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U.S. #718
1932 3¢ Runner at Starting Mark
Summer Olympic Games

Issue Date:
June 15, 1932
City: Los Angeles, CA
Quantity Issued: 168,885,300
Printed by: Bureau of Engraving and Printing
Printing Method: Rotary Press
Perforations: 11 X 10½
Color: Violet
 
This stamp was issued in honor of the 1932 Summer Olympic Games. It release was delayed because the first class rate was scheduled to be changed. The increase to 3¢ was signed into law on June 6, and #718 was released the following week. There was large demand for this stamp, so they were on sale for just a short time.
 
1932 Summer Olympic Games
The 1932 Summer Olympic Games were held in Los Angeles. Although the worldwide Great Depression prevented many nations from participating, 37 countries fielded Olympic teams. 
 
A total of 1,408 athletes competed in 116 events. The United States dominated the events and won a total of 103 medals. Italy placed second with 36, followed by Finland with 25 medals. 
 
The Games were notable for a number of “firsts.” An Olympic Village was erected for the first time to accommodate athletes participating in the 1932 Summer Olympic Games. U.S. President didn’t attend the Games, becoming the first sitting head of government to not appear at an Olympics hosted in that country. And it was the first time a victory podium was used.
 
Interestingly, the 1932 Summer Games were the only time Japan won a gold medal in the equestrian show jumping individual event. Takeichi Nishi – now known to history as Baron Nishi – was the gold medalist with his horse Uranus. Nishi died in 1945 as an officer defending the island of Iwo Jima and is the main character in the Clint Eastwood film, Letters from Iwo Jima.

 

First U.S. Olympic Stamp 

 

 

 

 

 

On January 25, 1932, the US Post Office Department issued its first stamp honoring the Olympic Games.

1932 marked the third time the Winter Olympic Games were held, and the first time the event was held in the US.  The games were held in Lake Placid, a small town in upstate New York that was home to less than 3,000 year-round residents.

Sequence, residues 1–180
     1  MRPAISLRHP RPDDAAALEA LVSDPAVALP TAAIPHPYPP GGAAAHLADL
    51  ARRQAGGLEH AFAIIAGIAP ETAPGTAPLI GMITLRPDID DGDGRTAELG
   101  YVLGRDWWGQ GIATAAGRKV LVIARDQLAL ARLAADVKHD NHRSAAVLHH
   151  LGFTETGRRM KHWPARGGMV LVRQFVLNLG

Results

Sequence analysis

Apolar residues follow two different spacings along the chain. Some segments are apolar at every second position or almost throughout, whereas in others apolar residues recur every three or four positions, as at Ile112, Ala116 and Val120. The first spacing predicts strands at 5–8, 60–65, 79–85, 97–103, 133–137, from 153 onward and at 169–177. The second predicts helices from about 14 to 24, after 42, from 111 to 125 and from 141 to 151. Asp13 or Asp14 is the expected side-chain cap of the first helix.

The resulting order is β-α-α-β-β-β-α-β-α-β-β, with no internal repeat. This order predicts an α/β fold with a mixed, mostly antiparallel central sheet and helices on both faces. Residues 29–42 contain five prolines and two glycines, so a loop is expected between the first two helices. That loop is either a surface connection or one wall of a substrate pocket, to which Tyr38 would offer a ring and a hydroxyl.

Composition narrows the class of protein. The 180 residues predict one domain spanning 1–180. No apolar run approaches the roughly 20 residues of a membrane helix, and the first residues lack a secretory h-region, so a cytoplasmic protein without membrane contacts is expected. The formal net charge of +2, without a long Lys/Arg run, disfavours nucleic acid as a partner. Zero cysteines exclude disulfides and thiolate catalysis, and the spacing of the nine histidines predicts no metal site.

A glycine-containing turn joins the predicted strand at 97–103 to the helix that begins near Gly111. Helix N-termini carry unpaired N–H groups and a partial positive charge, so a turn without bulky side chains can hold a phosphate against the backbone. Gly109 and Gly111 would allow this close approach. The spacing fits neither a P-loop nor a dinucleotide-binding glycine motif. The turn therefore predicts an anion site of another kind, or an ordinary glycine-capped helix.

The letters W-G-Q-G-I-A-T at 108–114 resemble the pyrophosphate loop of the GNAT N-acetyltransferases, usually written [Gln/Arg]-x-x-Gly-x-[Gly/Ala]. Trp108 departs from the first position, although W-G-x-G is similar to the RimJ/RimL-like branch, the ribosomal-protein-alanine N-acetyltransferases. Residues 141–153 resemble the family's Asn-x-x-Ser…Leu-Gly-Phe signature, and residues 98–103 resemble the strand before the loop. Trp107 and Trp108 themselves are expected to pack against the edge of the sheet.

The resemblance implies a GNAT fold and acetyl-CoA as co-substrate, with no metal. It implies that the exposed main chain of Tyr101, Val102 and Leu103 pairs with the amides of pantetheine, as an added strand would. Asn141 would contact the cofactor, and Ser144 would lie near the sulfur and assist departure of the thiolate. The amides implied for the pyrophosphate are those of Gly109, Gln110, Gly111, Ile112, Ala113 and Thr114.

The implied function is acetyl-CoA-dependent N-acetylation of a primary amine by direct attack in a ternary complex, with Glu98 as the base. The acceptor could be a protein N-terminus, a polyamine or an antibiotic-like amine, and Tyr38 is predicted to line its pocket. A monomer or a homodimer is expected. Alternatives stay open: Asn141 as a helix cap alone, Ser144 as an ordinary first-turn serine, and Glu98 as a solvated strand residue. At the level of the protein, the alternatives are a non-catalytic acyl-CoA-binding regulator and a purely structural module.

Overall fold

The Lake Placid Chamber of Commerce asked the village postmaster to suggest a commemorative stamp for the event.  A New York congressman helped persuade reluctant officials, and the stamp was approved.

The 2¢ Winter Olympic Games stamp was issued on January 25, 1932, just days before the opening ceremonies, and was sold only in Lake Placid and Washington, DC.  Demand for the stamp was heavy from the moment the Lake Placid Post Office opened at 7 a.m. until mid-morning when its entire supply of 400,000 stamps was exhausted.  State police were called in to control the crowd.

 

 

 

 

 

 

 

 

 

 

Postal officials soon received some criticism as the ski jumper was pictured in an unnatural position. However, the stamp was generally popular with the public.

 

 

 

 

Less than five months later, the Post Office issued its second and third Olympics stamps, honoring the summer games.  Both stamps were issued on June 15, 1932, in Los Angeles, California, the site of the games.  The first stamp, #718, pictured a runner at the starting mark.  Its release was delayed because the first class rate was scheduled to be changed.  The increase to 3¢ was signed into law on June 6, and #718 was released the following week.  There was a large demand for this stamp, so they were on sale for just a short time.

 

 

 

 

 

 

 

 

The second stamp, #719, covered the international letter rate and was used by athletes from other countries.  The design was based on a classic Greek sculpture called Discobolus.

 

 

 

 

 

 

 

 

It would be nearly 30 years before the US issued another stamp honoring the Olympics.  That issue, #1146, commemorated the 1960 Winter Olympics held in Squaw Valley, California.  All covers were postmarked “Olympic Valley, California” – which was a station for the Tahoe City Post Office.  The station had been established specifically to handle visitors to the Olympic games.

Since 1972, the USPS has issued stamps for most Summer and Winter Olympic Games.  You can see them all here.